What will separating the sexes at the basic training level accomplish?

It will do what it has in the Marine Corps and that is improve the training for both men and women. I visited a number of Marine bases myself as a member of the Presidential Commission in 1992, and I don't think I talked to a single woman Marine who would have training any other way, especially at the basic training level. Transforming civilians into military people is a very complicated, intense process as it is. To introduce the distraction of sexuality is something the Marine women don't want. This policy was changed under the Clinton administration.

How will single-sex units improve the situation for women?

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I think they would find more confidence as they go through the training. They would not have to compete with men when men have the advantage. And I think they would be more ready to go into the next stage of training, and the Marine Corps experience bears that out.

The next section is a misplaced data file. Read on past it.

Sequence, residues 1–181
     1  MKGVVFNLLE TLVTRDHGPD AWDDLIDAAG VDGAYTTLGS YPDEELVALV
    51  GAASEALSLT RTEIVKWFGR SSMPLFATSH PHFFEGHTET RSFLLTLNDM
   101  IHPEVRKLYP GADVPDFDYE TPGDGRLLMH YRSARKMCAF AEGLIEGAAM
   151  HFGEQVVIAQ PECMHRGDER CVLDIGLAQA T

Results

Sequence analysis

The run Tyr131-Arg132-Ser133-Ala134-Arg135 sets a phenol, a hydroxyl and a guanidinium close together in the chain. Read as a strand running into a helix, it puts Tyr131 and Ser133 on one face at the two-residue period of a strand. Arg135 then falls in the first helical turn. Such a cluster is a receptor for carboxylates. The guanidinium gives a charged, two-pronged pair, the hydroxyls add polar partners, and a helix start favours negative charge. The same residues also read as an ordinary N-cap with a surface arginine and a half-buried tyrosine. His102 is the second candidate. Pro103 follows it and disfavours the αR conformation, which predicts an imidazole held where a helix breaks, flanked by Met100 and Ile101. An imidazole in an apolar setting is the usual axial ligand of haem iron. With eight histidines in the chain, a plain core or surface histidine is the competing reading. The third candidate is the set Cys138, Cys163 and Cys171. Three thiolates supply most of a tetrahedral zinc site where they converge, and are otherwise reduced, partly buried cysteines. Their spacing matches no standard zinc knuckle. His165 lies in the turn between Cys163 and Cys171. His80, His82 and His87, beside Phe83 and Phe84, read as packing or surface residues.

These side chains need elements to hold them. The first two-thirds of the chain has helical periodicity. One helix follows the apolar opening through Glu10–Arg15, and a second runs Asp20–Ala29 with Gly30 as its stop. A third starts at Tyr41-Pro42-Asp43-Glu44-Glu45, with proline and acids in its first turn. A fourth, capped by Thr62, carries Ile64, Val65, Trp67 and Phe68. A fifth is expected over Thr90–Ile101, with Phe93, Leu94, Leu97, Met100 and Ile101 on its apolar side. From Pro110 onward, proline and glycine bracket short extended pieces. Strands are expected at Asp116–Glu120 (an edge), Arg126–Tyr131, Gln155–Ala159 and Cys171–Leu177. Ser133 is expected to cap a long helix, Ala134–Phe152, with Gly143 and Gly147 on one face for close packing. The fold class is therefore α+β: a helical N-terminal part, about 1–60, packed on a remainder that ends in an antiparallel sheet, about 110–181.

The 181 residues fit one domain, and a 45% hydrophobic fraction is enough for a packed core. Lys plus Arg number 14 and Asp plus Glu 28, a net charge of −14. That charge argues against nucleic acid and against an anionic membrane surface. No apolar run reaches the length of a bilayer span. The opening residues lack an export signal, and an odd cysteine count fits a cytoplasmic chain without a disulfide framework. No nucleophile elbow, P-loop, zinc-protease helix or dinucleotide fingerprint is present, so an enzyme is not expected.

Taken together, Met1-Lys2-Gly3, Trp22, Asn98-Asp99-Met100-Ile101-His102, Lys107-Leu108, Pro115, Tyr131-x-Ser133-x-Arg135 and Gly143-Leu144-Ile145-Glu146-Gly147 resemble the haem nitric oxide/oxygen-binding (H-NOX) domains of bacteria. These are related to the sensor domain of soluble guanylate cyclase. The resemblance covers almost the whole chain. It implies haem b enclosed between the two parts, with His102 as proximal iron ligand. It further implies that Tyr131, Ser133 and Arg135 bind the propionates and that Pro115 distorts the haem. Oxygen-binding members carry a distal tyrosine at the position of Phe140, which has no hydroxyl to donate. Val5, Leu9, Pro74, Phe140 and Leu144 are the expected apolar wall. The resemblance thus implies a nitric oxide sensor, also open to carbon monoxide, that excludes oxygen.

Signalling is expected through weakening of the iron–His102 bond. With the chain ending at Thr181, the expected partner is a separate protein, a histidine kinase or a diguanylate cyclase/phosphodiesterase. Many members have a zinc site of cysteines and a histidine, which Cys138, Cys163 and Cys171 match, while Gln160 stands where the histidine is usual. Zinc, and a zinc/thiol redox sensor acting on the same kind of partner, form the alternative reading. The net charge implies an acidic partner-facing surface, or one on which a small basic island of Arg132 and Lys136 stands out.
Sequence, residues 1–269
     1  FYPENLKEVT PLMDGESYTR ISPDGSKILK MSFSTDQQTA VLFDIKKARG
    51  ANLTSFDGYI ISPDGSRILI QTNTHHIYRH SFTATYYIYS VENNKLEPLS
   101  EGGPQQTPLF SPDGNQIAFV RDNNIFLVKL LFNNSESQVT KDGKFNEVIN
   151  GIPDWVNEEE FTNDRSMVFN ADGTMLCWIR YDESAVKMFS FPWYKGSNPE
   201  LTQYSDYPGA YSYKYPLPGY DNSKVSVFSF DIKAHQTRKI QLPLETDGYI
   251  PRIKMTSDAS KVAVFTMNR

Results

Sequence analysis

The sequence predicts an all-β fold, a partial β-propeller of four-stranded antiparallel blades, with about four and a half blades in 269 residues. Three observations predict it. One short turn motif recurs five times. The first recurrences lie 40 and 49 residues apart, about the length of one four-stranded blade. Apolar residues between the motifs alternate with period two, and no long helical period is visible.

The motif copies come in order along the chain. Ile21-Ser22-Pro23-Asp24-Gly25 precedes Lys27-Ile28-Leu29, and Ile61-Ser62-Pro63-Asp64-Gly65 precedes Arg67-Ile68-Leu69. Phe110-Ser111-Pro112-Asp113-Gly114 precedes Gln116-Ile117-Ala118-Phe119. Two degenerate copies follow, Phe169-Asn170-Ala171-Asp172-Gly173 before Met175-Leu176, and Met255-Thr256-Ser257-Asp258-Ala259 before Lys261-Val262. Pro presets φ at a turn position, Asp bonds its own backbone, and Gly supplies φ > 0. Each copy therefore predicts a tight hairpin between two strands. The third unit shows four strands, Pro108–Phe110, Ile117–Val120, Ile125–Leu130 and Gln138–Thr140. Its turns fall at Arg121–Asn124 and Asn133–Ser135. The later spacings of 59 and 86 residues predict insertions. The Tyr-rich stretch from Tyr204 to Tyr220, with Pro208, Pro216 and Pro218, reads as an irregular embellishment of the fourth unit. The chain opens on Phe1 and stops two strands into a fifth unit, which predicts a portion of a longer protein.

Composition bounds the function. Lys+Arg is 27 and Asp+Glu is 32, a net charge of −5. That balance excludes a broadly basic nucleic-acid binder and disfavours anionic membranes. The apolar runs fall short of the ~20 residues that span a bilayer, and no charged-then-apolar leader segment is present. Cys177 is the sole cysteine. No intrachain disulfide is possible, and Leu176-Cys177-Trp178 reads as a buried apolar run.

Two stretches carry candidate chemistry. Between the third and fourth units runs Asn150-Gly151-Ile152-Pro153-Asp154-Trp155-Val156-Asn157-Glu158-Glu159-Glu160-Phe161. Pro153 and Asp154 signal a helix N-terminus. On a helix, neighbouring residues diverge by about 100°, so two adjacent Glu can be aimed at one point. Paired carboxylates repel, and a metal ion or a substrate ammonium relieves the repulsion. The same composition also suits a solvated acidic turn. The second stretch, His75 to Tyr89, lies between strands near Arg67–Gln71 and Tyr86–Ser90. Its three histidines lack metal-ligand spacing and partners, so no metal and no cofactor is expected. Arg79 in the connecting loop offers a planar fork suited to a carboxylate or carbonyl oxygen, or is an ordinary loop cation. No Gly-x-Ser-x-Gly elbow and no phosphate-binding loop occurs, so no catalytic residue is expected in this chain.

Do you see any positive aspects of gender-integrated training?

No, not really. In fact, the only positive results of it, as claimed by the proponents, are quite minimal. All they can point to is an Army Research Institute study that showed an increase in morale among the women. But, at the same time, there was a dip in the morale of the men. My question is, why do they claim success can be determined only by the morale of the women? The purpose of training is to come up with very confident soldiers, it's just not a matter of morale.

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Once they're separated from men, would you recommend higher physical standards for women than the ones that exist now?

If you did that, you would have to accept the fact that fewer women would succeed because they are at a disadvantage. It's just like the Olympics, you have women champions and you have men champions in many events where women are at a disadvantage. If you merge them together, you would never have any female champions or you'd have very few.